What is Gradual Release of Responsibility?
The gradual release of responsibility model of instruction provides the structure for work to move deliberately and purposefully from teacher modeling (Explicit Instruction) to joint responsibility between teachers and learners (Guided Practice) to independent practice and application by the learner.
After I learned to teach through the GRR Model, I taught every Daily Focus Lesson—for Reading and for Writing—in that format.
What Is a Daily Focus Lesson?
What are the components of a Daily Focus Lesson?
How to Choose Daily Focus Lessons
Since this blog concentrates more on READING as an example, I will explain my process for choosing Daily Focus Lessons for Reading Workshop (following a similar process for Writing lessons).
1. I make a list of what reading strategies and elements I want students to know by the end of the year.
2. After meeting my students and getting to know their strengths and weaknesses during the year, I cross off what they already know (which may be different from what they were “taught”).
3. I break lessons down into their smallest components:
5. I teach each lesson as many times as needed for mastery, using different read-aloud mentor texts and different Guided Practice activities.
Note: In a small collaborative school, teachers can plan Focus Lessons vertically.
Remember, teachers can teach about 150 Focus lessons/year (including Reading and Writing), and students are in school for 12 years. You don’t need to teach it all. Teach less to but teach to MASTERY.
My Reading Focus Lessons list pictured is only a sample list. Some lessons students will already know; some they may be learning in other grades. My Procedural and Reader Response lessons (and more) with Teacher Models and Student Samples are included in THE WRITE TO READ: Response Journals that Increase Comprehension.
This is a sample Gradual Release of Responsibility Focus Lesson for the Reading Strategy "Making Predictions" using the poem "Casey at the Bat":
Using Gradual-Release-of-Responsibility Model to Plan the Year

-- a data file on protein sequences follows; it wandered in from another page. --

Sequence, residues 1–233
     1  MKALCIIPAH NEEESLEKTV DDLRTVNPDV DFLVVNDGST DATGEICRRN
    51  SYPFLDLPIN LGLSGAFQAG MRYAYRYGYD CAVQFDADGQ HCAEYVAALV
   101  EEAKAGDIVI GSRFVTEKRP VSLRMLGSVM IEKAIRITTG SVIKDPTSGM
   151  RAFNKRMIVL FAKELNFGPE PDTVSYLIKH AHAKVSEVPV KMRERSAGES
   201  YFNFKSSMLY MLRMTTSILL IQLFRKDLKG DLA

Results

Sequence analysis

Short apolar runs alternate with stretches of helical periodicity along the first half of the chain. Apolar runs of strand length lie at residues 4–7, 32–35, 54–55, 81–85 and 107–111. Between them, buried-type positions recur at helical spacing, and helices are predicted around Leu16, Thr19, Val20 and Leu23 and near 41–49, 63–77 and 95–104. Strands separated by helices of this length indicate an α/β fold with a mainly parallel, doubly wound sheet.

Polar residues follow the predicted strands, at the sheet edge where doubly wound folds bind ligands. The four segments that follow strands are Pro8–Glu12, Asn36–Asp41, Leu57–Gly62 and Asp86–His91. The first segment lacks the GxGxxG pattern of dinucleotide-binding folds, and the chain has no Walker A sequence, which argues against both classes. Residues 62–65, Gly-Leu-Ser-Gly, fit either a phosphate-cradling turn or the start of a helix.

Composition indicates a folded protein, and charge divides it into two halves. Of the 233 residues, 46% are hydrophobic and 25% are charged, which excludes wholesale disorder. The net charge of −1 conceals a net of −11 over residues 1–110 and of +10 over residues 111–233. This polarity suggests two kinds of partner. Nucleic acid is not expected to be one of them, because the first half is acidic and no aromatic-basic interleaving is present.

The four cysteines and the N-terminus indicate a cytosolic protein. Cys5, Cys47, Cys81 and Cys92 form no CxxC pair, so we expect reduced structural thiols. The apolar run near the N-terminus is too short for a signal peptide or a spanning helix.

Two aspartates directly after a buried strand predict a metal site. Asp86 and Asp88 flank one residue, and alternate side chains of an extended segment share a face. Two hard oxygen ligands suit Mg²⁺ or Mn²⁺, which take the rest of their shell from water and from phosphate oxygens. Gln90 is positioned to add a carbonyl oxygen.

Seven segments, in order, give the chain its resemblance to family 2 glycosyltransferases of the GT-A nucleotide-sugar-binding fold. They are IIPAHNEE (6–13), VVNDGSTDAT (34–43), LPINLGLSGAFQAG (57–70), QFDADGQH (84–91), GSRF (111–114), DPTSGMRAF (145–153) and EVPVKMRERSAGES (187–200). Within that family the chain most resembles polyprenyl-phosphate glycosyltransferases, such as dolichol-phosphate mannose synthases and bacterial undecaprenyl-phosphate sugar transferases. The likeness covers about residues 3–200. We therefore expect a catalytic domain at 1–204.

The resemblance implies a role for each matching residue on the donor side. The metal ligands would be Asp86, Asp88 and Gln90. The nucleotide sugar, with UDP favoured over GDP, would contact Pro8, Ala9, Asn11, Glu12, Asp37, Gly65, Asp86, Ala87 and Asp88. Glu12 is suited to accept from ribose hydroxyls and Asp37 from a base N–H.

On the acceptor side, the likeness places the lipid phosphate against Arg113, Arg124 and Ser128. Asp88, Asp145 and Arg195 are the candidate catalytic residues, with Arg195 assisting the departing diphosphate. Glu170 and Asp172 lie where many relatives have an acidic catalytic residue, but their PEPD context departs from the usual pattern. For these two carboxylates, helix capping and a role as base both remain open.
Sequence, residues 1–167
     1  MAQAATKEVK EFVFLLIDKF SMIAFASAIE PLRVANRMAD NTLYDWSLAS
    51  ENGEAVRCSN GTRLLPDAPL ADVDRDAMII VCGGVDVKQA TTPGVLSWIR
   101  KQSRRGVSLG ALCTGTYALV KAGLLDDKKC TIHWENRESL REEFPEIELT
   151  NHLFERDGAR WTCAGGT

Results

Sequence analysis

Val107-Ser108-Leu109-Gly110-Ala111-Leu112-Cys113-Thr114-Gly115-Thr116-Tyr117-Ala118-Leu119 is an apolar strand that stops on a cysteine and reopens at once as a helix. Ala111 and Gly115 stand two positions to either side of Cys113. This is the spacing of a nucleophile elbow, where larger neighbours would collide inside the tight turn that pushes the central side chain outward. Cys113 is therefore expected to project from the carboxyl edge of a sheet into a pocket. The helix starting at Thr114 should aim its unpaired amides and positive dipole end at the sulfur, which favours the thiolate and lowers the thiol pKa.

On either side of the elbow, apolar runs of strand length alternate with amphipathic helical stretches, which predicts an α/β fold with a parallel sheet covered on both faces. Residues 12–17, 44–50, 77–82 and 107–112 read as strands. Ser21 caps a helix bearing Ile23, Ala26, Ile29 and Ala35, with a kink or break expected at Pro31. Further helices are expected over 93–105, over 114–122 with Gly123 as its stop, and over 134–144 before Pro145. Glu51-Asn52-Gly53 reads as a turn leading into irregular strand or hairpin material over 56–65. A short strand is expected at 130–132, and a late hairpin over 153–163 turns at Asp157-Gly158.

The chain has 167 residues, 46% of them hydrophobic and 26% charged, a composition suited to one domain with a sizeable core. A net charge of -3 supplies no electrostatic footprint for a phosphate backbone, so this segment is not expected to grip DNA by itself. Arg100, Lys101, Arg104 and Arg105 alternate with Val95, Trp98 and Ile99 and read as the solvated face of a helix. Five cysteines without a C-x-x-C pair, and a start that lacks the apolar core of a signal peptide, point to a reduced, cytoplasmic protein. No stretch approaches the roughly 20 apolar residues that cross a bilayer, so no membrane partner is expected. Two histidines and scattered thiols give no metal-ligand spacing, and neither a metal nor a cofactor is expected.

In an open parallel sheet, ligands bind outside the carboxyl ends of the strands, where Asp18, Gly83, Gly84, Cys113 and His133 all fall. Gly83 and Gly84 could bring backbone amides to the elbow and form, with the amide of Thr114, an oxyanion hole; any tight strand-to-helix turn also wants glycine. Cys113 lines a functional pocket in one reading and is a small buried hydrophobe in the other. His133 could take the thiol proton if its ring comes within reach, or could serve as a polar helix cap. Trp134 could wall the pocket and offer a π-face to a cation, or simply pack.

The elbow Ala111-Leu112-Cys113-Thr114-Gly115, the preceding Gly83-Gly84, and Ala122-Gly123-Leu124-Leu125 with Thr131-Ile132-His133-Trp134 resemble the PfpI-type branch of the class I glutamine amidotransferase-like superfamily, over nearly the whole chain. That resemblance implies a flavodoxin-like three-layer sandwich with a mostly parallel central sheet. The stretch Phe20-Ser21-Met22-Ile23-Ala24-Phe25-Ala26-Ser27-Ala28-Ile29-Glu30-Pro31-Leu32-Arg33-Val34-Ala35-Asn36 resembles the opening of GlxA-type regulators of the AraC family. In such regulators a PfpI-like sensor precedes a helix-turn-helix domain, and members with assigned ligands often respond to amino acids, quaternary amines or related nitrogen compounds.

In fact, I planned my entire year in a Gradual-Release-of-Responsibility model, moving from teacher-directed to student responsibility, from the more familiar to the less familiar, more complex reading and writing, moving from narrative to memoir to informational to argument, or, in lower grades, opinion.
The last part of the year students put it all together (as we do in real life) with independent, self-selected reading and writing where they independently applied what they had learned to self-selected reading and writing (continuing with Daily Focus Lessons). At times I assigned a class-wide format or topic. This is giving our students the tools and then having them decide when, where, and how to use them—a real-world skill.
For example, I began my year with whole-class reading—first reading short stories to teach or review literary elements and to teach or review reading strategies. Some of the stories I read; some we read as Readers’ Theater with students volunteering for “parts” as characters—I read the narration; and some I began reading as the Teacher Model (or Explicit Instruction) of my Focus Lesson and students continued reading individually or in pairs for the Guided Practice, and then finished reading independently as the Independent Application of the Lesson.
We then put all the lessons together, reviewing or adding in complexity with Daily Focus Lessons in our one whole-class novel. This was a novel that I chose that I all students could read, some with a little support from the class discussions and me and that I hoped most would enjoy. I suggest a novel that has both male and female protagonists to capture whole-class interest and that is recently-publish so it is likely not to have been read.
Next we move to reading in Book Clubs, which is small-group collaborative reading. See my Facebook and future blogs on Book Clubs Reading. For strategies, lessons, and reproducible forms, see Talking Texts: A Teachers' Guide to Book Clubs across the Curriculum.
And finally to independent, self-selected reading. For more information on this process and Reading Workshop, read “Losing the Fear of Sharing Control” (Middle Grades Journal).
Writing follows the same process, moving from whole-class to small-group to independent, supported by Daily Focus Lessons which I will address in depth in future blogs.